Green synthesis of carbon dots using the flowers of Osmanthus fragrans (Thunb.) Lour. as precursors: application in Fe3+ and ascorbic acid determination and cell imaging
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In this work, dried flowers of Osmanthus fragrans Lour. were applied as green precursors to synthesize carbon dots (CDs) by a green hydrothermal method for the first time. The CDs showed strong blue fluorescence at 410 nm under 340-nm excitation with a quantum yield of approximately 18.53%. Furthermore, the CDs were applied for the sensitive detection of Fe3+. The linear response of Fe3+ ranged from 10 nM to 50 μM with a limit of detection as low as 5 nM. In addition, other ions were used as competitive substances to explore the selectivity of CDs for Fe3+. The fluorescence quenching effect of Fe3+ was much stronger, which demonstrated that the CDs had high selectivity for Fe3+ and they can be employed for the selective detection of Fe3+. The potential fluorescence quenching mechanism between CDs and Fe3+ was identified as the inner filter effect. The CDs were then used as a fluorescent sensor for the detection of Fe3+ in water samples and human serum; the recovery range was 93.76–113.80% (relative standard deviation less than 0.79%). These results indicate that the CDs can be applied for the sensitive and selective detection of Fe3+ in real samples. Moreover, on the basis of the redox reaction between Fe3+ and ascorbic acid (AA), the CD–Fe3+ system can be used as a fluorescent “off–on” sensor for the detection of AA with a limit of detection of 5 μM. What is more, because of their low toxicity and biocompatibility, the CDs can also be used for cell imaging and acted as a fluorescent probe for fluorescence imaging of Fe3+ and AA in living cells. These results demonstrate that the CDs have great potential for application in the fields of sensing, bioimaging, and even disease diagnosis.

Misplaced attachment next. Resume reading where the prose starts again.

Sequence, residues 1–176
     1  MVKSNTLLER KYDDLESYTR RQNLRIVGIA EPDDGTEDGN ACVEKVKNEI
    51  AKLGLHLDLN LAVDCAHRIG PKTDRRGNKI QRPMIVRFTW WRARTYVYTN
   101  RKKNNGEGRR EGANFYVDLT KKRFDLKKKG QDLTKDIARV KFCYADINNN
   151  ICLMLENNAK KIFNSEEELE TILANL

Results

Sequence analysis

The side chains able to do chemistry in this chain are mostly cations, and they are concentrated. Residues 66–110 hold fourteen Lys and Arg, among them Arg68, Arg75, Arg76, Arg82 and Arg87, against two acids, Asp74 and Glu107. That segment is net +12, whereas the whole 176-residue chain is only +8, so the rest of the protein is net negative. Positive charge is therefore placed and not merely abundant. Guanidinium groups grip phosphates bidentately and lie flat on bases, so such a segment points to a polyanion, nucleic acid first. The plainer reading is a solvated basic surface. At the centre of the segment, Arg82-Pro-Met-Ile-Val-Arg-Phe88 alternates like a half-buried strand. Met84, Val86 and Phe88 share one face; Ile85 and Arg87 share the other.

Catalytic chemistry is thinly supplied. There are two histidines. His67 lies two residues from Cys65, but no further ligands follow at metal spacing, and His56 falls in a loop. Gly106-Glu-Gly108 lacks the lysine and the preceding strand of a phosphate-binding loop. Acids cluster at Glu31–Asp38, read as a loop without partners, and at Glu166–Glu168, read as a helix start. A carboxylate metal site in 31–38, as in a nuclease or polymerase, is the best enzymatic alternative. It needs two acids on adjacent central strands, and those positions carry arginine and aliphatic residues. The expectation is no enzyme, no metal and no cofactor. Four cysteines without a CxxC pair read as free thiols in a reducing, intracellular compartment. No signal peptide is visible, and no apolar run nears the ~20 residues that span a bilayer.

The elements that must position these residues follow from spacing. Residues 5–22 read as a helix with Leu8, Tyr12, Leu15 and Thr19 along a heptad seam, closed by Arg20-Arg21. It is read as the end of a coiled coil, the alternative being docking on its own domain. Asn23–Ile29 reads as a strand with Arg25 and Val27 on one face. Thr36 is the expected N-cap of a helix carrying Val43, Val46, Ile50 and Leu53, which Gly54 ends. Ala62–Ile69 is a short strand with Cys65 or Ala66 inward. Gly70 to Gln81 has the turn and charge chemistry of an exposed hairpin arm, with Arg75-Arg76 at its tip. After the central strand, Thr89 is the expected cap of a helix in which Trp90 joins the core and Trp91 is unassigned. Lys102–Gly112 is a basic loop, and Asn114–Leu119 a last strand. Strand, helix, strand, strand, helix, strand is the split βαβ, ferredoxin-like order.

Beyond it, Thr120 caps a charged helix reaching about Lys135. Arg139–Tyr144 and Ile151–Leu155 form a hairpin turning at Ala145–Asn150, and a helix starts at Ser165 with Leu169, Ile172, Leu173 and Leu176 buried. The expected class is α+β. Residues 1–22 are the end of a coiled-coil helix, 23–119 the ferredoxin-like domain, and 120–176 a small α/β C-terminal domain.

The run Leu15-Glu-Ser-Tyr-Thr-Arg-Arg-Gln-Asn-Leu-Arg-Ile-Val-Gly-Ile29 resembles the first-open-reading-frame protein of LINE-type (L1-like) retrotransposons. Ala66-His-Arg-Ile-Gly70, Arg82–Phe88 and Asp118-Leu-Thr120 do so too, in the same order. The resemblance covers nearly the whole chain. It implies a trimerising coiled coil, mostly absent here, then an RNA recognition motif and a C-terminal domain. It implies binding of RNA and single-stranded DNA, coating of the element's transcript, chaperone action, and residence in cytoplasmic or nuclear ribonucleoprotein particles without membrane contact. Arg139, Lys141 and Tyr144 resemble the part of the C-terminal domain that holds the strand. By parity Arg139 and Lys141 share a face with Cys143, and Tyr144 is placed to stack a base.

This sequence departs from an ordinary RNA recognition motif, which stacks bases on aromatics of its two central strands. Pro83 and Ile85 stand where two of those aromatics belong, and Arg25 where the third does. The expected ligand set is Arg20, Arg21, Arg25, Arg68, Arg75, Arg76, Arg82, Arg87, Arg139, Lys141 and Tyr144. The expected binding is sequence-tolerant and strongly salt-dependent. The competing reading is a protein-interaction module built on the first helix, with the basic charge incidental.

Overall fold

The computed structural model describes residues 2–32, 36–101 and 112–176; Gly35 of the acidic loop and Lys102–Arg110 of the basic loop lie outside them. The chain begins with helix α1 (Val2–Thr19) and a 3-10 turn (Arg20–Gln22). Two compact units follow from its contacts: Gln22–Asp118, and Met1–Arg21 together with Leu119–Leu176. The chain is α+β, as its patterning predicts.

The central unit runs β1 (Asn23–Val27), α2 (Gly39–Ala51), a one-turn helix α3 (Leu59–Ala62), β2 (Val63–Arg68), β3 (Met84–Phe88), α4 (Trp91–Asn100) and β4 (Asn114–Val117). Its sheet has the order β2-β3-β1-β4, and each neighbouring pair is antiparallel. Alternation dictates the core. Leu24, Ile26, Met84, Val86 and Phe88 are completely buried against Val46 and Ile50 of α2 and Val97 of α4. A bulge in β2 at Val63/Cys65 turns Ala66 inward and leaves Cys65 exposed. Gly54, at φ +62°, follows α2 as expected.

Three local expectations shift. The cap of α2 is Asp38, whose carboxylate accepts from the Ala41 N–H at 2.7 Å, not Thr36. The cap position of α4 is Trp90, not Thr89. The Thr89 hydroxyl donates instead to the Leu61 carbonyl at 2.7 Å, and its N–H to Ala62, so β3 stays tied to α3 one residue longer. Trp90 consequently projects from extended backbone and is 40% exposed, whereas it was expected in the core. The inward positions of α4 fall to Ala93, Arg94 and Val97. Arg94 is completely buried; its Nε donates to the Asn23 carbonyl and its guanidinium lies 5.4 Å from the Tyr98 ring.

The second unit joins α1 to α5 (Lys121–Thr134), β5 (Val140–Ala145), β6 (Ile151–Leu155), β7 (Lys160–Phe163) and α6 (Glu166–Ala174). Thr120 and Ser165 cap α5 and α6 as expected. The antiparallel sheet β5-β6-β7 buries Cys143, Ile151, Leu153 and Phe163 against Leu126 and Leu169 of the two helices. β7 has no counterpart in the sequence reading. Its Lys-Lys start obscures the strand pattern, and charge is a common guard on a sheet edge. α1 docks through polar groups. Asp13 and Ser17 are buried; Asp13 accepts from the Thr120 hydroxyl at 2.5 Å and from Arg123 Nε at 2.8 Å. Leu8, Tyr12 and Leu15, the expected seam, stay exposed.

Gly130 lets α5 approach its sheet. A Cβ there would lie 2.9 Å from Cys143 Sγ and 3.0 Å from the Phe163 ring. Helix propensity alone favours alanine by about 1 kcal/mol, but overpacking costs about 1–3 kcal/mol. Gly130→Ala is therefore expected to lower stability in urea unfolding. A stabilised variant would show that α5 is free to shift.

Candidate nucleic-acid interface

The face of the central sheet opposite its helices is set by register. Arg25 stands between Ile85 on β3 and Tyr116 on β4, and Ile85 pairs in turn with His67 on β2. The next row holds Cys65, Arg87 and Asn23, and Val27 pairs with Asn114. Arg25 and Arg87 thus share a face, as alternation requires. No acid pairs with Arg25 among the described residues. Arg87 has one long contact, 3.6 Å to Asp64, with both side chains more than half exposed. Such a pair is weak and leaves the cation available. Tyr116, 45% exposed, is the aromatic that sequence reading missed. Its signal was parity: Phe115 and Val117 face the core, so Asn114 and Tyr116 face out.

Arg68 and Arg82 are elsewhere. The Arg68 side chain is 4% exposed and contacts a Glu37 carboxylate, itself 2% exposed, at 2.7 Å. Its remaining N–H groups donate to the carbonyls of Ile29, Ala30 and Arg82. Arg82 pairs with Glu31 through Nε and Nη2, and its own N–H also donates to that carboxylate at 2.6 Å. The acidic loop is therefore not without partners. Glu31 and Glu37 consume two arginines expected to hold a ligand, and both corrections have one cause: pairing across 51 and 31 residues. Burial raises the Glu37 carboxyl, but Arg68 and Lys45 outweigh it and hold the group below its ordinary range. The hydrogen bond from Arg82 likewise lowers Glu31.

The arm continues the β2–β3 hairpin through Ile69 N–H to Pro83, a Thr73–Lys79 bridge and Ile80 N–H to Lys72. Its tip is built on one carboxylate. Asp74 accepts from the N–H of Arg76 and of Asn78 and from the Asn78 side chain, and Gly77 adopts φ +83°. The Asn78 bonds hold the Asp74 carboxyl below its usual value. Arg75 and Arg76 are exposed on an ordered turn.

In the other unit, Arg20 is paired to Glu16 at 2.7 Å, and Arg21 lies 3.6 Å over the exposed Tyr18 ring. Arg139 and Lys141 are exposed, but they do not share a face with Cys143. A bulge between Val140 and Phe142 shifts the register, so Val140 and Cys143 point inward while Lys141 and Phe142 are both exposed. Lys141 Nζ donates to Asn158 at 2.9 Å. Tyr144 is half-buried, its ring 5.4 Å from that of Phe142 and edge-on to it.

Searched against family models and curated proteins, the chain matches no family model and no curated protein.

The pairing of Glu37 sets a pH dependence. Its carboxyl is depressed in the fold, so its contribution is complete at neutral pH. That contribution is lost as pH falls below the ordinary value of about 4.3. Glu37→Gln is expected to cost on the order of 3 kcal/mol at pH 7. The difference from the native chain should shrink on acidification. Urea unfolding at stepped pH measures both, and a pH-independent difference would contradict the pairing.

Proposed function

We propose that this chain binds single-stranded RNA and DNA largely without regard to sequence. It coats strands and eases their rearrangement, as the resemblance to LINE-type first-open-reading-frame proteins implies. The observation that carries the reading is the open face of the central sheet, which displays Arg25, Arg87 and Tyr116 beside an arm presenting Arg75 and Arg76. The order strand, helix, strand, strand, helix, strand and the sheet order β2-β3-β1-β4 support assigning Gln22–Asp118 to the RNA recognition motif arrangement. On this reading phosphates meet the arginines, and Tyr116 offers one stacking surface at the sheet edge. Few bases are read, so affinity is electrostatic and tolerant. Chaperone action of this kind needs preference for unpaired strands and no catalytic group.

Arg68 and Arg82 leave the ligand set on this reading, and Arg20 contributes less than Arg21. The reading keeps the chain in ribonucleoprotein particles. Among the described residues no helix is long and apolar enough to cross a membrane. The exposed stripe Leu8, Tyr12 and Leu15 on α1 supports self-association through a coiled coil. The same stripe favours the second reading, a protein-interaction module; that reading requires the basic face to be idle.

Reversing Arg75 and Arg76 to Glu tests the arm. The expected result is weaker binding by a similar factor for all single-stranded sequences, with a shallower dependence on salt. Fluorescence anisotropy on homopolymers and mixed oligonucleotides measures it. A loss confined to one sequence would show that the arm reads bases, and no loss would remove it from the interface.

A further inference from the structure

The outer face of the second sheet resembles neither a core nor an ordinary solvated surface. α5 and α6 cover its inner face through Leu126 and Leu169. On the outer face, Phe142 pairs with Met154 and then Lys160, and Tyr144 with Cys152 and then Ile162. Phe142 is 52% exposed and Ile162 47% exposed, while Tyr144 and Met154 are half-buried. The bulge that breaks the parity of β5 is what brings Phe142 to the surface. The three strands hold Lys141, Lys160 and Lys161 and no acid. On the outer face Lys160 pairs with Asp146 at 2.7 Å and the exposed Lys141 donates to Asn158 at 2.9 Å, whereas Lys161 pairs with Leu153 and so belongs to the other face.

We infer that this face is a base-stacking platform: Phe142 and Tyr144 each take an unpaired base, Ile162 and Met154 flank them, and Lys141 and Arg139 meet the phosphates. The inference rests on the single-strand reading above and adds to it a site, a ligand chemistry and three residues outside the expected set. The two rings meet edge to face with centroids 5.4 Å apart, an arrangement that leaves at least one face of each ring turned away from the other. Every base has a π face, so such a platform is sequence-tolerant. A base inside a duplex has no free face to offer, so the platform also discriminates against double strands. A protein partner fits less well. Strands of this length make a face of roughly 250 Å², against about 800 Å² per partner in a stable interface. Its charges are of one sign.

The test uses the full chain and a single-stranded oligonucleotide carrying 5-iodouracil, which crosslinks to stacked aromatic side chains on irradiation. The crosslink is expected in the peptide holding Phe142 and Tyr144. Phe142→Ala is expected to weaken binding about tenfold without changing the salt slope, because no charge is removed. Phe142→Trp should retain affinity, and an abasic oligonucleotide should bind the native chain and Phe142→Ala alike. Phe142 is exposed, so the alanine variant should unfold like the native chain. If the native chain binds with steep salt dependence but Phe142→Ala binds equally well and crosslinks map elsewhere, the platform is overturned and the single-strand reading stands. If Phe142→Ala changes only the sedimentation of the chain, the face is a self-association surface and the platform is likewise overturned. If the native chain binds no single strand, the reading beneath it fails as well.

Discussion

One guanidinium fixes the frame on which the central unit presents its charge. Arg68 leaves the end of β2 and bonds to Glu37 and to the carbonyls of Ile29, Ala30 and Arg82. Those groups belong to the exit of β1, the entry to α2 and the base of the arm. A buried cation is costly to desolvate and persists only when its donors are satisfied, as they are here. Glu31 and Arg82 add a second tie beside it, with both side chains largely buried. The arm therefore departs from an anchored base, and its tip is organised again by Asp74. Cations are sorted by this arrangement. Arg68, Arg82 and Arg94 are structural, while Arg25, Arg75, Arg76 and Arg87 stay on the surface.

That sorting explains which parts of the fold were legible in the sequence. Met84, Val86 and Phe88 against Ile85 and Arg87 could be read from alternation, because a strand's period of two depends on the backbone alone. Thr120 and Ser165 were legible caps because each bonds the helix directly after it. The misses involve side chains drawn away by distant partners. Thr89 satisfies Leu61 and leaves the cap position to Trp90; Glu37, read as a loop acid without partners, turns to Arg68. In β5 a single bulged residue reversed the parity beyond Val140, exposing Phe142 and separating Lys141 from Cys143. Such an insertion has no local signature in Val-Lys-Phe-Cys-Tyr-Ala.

KeywordsCarbon dots Flowers of Osmanthus fragrans Lour. Fe3+ Inner filter effect Fluorescent “off–on” sensor Ascorbic acid
This work was supported by the university level fund of Southwest Medical University (no. 2017-ZRQN-032) and a joint program of Luzhou Government and Southwest Medical University [no. 2015LZCYD-S07(2/5)].
Compliance with ethical standards
Conflict of interest
The authors declare that they have no competing interests.
Ethics approval and consent to participate
This study was approved by the Ethical Committee of Southwest Medical University. All blood samples were from healthy persons with their informed consent.
Human and animal rights
No violation of human or animal rights occurred during this investigation.
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